In a recent post by the very wise Corey Jahnke, he looked at what can happen when a leader totally relinquishes responsibility. In Corey’s example he referenced a person leaving a difficult situation for his unequipped employees to handle without his guidance.
As you can imagine, it didn’t work out very well.
It reminded me of a well-known saying in leadership circles:
Delegate, but don’t abdicate.
I learned that phrase from a mentor many years ago when he noticed an area of my very young but growing business that I wasn’t paying attention to simply because it held no interest for me. I had hired another person to take care of it and left it at that. This person was equipped to handle it much better than I was. Still, it was my business, not his. Thus, it was incumbent upon me to at least be on top of it.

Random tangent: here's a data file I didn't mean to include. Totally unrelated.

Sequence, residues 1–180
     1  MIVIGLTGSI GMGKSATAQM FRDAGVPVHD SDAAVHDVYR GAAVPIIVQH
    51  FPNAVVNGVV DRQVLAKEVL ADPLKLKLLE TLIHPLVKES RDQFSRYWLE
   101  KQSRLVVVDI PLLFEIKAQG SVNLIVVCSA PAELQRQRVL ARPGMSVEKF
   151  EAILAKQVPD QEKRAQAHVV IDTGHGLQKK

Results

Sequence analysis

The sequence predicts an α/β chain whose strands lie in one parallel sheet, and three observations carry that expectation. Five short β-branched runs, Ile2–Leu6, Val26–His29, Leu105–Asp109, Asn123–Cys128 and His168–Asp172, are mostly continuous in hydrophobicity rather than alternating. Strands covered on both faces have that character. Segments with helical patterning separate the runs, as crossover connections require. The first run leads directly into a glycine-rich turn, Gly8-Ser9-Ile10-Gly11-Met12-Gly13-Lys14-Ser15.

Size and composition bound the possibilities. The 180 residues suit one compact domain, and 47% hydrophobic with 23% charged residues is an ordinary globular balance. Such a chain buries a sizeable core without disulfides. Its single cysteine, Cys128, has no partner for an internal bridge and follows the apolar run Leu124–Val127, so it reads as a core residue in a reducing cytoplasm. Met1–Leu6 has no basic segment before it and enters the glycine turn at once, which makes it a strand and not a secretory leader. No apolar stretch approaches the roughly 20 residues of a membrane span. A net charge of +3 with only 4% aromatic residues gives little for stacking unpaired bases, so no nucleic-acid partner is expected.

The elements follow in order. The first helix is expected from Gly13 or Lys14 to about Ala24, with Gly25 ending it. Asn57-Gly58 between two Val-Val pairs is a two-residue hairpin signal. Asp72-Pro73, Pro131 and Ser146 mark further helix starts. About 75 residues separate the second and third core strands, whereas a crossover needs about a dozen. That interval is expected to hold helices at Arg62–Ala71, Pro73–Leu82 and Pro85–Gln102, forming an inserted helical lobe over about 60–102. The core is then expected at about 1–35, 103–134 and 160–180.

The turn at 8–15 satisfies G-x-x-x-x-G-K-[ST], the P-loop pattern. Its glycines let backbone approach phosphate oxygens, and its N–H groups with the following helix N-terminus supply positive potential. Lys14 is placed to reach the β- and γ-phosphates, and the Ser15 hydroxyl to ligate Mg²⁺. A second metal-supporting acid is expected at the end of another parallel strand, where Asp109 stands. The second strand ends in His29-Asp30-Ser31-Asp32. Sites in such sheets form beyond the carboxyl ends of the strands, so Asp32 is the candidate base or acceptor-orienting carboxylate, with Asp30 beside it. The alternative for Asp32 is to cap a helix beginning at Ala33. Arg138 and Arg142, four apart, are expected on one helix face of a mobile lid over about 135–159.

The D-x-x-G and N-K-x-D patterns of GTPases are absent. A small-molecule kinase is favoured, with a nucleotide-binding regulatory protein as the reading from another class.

His advice was profound and I never forgot it.
No, I never forgot it. But, I must admit there were times I ignored it. And, whenever I did it came back to bite me. Fortunately, I’ve improved in this regard over the years.
It’s still my nature to want to ignore that part of my business that holds no interest to me. Fortunately, my business partner Kathy Zader is not only terrific in those areas where I’m lacking, she keeps me involved, as well.
Yes, let’s focus on the parts where we excel, what is most fun and what keeps us inspired and action-oriented.
And, let’s delegate those other parts to those who do it better and enjoy it more.
Delegate — don’t abdicate.
How do you do in this regard?
The release of my new book, Adversaries into Allies is quickly approaching. Would you like a sneak peek? Visit www.AdversariesintoAllies.com and get your free chapter. Let me know what you think.